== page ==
You know I love flowers. My friend Ray and I went to photograph a small tulip patch recently. I wanted to practice with my new lens. I’m doing better with it and think there’s just one more hurdle to overcome. I like how the sun makes the leaves almost transparent in places and highlights the flower.

The sun’s glow also helps create shadows. Notice the glow and shadows on the house and on the lawn. These were taken in Luray Virginia.

A trip a few years ago was special for me because we were with my cousins in Palm Desert. The sun is so special in the desert. The giraffe, with its special glow, was taken during sunset at the Living Desert in Palm Springs and the other two in the Painted Canyon, Mecca Hills.

My last examples are of waking up to a sunrise on a blanket of snow in Reno. These were taken in December last year at my son’s home. What a treat!

It was fun going through my archives to find glowing images. Thank you Siobhen for this relaxing challenge. Please remember to link to Siobhen’s post and use the Lens-Artist tag in your response. I enjoyed everyone’s interpretation of tricks last week. They were imaginative and beautiful. Thank you Donna. Next week Tina will be challenging us, so be sure to look for her post.

If you would like to participate weekly in our Lens-Artists Challenge, click here for more info. 

Testing a new lens: The Sacramento Zoo

I had two motivators for visiting the Sacramento Zoo recently. 1. I was gone for almost a month and hadn’t seen the new baby giraffe now named Cheyenne and, 2. I wanted to test out a new lens. With my Nikon, I had an 18-200mm lens which was a perfect walk-around lens. Unfortunately, Fujifilm doesn’t make a lens with that type of zoom. Recently Tamron came out with an 18-300mm lens for Fuji and Sony. So I bought the Fuji mount. The only drawback is its lack of an aperture ring on the lens. I was told that I could assign that function to the front dial and use the top dial to change the aperture.

When I purchased the lens, I was told that Fuji would make the switch automatically and when I put my Fuji lens back on it would revert back. I played with it while at the zoo and didn’t quite do it correctly. I ended up with sharp but noisy images. Thank heavens for Topaz!

The zoo didn’t disappoint. The cheetah was walking around; not running.

The red panda was walking the branches instead of sleeping.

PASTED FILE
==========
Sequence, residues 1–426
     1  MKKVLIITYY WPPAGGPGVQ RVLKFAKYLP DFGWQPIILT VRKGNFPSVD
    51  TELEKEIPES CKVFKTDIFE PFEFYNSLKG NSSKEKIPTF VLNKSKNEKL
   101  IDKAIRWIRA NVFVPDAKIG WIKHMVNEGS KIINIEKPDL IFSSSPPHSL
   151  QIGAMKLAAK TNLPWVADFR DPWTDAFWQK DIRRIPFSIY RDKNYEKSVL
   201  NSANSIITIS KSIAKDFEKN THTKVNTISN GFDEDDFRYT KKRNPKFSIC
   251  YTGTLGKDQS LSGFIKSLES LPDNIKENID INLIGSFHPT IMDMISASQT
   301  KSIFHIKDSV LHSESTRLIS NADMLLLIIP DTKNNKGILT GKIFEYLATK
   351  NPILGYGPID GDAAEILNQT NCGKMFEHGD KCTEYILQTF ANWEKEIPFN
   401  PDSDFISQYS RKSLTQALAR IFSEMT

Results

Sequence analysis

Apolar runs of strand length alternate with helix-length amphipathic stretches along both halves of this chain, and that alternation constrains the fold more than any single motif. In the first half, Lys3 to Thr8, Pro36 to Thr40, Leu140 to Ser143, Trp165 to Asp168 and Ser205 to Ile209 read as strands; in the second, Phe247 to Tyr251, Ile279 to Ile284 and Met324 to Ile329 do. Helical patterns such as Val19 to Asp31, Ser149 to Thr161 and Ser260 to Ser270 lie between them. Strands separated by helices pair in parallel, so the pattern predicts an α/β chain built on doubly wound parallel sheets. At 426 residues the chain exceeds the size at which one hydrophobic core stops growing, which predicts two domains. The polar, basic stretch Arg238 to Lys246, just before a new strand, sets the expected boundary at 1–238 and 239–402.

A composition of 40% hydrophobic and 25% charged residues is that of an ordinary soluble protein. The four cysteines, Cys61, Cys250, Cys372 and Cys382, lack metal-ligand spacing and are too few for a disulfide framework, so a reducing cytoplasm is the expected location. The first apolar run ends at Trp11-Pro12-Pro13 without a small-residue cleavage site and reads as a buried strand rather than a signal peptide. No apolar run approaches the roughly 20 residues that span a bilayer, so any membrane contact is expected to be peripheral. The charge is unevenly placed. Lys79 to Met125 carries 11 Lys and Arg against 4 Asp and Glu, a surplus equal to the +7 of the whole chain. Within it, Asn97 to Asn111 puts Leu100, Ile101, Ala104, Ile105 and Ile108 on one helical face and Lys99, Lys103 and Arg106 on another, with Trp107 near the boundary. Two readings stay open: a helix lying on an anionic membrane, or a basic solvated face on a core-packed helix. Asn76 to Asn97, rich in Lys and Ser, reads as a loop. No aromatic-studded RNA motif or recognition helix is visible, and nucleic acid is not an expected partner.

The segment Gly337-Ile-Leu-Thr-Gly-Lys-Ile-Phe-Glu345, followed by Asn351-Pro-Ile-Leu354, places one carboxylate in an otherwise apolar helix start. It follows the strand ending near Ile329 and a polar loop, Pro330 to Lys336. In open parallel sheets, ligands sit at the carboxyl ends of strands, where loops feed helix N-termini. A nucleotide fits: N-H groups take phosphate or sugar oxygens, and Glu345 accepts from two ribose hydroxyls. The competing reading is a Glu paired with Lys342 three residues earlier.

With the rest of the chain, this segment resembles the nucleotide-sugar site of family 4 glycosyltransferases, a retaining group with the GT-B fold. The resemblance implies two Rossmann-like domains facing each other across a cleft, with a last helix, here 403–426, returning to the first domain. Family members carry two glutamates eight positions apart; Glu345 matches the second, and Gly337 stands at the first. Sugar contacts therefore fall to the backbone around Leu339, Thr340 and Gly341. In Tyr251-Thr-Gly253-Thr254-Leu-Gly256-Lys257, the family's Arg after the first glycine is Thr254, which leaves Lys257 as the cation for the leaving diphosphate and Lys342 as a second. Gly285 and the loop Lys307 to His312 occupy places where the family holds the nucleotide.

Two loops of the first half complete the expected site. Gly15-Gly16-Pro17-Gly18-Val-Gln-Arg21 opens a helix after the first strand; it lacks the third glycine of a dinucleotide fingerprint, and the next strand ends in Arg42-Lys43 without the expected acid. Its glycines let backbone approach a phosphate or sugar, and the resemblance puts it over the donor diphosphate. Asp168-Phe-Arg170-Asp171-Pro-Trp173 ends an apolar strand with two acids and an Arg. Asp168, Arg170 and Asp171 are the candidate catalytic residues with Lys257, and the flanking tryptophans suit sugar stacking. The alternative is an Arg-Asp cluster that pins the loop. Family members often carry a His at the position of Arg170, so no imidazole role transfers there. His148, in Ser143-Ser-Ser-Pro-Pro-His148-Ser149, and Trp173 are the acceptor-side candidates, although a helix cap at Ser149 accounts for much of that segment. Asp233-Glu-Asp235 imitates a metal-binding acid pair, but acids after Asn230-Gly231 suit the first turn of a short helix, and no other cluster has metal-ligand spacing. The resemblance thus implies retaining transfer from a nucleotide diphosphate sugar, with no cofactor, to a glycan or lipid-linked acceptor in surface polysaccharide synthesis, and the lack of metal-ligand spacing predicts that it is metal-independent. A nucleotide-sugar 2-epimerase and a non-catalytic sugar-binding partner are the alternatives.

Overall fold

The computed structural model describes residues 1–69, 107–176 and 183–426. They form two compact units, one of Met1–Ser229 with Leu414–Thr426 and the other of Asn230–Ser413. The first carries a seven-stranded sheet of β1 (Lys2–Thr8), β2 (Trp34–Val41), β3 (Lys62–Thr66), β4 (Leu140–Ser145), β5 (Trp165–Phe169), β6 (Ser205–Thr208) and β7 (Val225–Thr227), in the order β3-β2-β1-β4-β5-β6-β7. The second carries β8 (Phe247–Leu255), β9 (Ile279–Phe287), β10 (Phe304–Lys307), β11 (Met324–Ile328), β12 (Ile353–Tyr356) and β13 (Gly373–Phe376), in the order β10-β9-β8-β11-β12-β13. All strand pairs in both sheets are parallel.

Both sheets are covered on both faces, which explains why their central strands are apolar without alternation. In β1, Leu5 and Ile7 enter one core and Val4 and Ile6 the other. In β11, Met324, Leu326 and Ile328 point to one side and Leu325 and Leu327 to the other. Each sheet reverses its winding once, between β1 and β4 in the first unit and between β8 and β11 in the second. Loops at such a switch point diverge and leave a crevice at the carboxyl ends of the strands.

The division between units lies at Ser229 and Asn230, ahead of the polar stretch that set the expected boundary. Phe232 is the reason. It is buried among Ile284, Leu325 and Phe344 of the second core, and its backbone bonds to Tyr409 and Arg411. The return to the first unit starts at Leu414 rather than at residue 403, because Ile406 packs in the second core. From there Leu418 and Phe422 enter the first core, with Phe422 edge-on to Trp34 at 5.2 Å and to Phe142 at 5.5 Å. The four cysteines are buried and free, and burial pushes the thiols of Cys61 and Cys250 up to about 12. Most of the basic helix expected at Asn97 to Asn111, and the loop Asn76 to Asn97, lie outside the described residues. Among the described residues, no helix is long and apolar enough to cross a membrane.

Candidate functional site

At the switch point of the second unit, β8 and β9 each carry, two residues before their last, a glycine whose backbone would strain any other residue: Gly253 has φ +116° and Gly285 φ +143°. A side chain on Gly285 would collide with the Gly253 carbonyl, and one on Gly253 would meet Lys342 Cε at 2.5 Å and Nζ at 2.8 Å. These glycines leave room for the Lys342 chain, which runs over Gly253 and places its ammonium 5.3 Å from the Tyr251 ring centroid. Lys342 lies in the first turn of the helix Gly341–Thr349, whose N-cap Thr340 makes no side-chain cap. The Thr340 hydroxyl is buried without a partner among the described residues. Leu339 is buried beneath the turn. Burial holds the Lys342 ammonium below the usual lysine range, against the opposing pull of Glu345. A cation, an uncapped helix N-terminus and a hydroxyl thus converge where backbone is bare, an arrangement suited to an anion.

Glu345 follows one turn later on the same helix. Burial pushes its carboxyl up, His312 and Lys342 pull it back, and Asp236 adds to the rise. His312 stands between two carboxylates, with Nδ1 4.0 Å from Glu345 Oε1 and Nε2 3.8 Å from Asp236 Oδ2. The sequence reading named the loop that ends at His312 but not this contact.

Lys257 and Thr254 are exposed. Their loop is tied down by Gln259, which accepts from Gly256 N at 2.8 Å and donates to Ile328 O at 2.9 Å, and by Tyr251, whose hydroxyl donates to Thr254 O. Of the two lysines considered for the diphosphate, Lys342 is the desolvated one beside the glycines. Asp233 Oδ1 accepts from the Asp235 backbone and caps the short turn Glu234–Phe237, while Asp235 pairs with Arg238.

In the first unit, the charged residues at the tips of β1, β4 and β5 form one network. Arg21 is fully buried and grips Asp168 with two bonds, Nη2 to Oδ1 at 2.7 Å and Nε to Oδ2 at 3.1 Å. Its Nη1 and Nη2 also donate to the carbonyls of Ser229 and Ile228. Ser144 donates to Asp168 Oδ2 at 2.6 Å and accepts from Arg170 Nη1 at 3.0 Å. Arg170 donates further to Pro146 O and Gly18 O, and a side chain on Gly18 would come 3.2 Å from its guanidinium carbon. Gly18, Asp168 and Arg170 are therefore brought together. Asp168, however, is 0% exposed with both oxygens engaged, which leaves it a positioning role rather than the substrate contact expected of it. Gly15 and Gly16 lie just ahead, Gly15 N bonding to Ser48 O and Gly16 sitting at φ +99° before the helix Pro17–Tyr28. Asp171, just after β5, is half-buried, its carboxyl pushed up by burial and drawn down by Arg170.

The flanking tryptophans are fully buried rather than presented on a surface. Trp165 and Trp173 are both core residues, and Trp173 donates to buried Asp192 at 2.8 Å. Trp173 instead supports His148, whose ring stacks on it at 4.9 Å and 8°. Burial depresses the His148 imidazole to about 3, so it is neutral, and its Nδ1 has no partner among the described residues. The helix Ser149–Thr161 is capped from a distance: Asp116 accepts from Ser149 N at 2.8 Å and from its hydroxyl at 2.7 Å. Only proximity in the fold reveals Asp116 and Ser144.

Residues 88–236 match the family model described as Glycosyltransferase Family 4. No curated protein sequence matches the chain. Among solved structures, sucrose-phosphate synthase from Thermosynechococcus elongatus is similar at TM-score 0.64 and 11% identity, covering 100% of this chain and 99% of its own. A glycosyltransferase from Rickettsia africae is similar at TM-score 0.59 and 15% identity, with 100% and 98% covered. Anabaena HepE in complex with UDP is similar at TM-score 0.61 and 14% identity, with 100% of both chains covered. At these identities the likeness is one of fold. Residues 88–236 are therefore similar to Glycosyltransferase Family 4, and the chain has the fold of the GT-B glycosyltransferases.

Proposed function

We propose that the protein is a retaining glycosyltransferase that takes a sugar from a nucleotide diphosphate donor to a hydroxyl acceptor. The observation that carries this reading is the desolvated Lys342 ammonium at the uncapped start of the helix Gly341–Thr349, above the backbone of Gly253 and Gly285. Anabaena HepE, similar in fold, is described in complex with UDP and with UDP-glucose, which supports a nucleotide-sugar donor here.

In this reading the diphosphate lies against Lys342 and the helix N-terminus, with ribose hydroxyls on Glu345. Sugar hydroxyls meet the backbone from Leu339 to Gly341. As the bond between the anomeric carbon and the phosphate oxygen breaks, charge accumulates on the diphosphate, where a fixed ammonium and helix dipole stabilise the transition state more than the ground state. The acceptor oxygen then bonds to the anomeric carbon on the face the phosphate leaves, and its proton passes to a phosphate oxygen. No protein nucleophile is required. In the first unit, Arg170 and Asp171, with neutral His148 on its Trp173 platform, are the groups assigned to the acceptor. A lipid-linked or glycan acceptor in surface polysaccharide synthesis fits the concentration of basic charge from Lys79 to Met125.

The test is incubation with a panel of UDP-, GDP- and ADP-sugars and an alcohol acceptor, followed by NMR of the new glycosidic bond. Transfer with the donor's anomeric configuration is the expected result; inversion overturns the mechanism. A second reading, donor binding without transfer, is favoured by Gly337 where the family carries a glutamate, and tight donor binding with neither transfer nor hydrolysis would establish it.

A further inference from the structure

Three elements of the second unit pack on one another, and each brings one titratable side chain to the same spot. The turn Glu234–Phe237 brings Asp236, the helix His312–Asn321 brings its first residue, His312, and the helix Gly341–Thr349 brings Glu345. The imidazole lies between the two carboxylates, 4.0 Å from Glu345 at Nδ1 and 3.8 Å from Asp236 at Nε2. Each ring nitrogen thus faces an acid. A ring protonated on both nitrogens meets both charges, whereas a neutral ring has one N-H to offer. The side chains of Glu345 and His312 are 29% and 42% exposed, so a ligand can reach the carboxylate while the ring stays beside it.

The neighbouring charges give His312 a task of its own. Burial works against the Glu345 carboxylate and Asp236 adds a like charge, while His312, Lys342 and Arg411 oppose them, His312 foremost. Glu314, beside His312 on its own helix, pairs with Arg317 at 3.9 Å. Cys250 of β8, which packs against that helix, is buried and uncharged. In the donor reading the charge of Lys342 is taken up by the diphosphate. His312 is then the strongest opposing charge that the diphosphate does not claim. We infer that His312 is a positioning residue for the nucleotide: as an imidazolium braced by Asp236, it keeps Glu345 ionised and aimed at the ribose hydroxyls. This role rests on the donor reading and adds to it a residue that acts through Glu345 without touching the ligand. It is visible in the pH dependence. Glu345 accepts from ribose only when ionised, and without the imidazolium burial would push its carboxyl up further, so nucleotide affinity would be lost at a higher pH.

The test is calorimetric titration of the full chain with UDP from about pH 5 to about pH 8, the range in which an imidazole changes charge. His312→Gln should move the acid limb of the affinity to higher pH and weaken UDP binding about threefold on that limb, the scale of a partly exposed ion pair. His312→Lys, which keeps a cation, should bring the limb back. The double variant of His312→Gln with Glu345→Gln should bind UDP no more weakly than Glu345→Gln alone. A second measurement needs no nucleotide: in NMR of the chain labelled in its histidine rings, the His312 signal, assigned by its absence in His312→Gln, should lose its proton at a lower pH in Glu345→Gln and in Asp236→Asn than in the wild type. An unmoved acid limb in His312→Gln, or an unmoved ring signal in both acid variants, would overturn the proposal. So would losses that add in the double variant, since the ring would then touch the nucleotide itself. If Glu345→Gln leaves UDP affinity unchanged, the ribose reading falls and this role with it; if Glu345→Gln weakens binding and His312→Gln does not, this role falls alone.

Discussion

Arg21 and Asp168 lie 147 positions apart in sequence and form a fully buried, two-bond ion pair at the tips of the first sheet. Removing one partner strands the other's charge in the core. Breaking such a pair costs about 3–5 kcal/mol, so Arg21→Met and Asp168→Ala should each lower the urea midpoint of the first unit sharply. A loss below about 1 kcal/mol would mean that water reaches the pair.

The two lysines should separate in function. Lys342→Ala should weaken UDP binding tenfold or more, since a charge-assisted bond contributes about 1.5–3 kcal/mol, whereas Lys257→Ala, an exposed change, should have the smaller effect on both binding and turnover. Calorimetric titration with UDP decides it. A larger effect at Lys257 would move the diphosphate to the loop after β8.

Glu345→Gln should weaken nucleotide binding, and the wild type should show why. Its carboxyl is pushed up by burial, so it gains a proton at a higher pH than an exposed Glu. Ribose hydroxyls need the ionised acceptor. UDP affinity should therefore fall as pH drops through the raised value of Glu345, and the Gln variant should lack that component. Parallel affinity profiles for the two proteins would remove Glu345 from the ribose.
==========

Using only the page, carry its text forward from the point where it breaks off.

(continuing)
The giraffes were being giraffes. Have you ever seen a two-headed, six-legged giraffe? We did get to see Cheyenne, but she was behind a fence and quickly went back inside with her mother.

The river otters were in their hammock.

And the lions were preparing for a nap.

One of the Okapi was out eating.

I almost forgot the alligator.

So, this was my morning at the zoo with friends Marlene, Laura and Ray. It’s good to be home and doing photography with friends.

Lens Artists Challenge #243: It’s tricky

Happy April Fool’s Day everyone. And thank you Donna for this tricky challenge. Tricky for me because I don’t create creative images. But I do like to play with Photoshop filters. I enjoy trying one by one to see what they would do to an image. It’s fun. Here are some examples.

If you’ve been following this blog, you know I like to zoom my lens in and out and slow my shutter speed down. Yes, I’ll stop at a neighborhood carnival just to take pictures. And holiday lights are perfect subjects too.

Here are some single shots:

I’ll admit that this was a difficult challenge for me since I’m not a truly creative person. I can see an opportunity and take it while composing a picture, and I’m venturing a little bit into Photoshop. So Donna, thanks for the gentle push. Please link to Donna’s post when you reply and use the Lens-Artists tag so it will show up in the Reader.

Thanks to all of you for showing us your New Experiences last week. I enjoyed them all and learned more about plays, bees, hang gliding and more. Next week our guest host, Siobhan of Bend Branches will be leading our challenge, so look for her post.

Interested to learn more about the Lens-Artists Challenge and join us, click here for more information.